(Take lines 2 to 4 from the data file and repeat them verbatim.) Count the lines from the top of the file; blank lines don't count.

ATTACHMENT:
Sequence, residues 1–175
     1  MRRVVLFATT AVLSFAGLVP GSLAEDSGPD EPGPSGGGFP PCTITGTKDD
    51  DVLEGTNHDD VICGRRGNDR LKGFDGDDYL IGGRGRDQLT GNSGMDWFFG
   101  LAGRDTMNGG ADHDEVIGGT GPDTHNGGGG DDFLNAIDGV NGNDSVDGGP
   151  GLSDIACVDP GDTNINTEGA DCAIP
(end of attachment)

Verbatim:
     1  MRRVVLFATT AVLSFAGLVP GSLAEDSGPD EPGPSGGGFP PCTITGTKDD
    51  DVLEGTNHDD VICGRRGNDR LKGFDGDDYL IGGRGRDQLT GNSGMDWFFG
   101  LAGRDTMNGG ADHDEVIGGT GPDTHNGGGG DDFLNAIDGV NGNDSVDGGP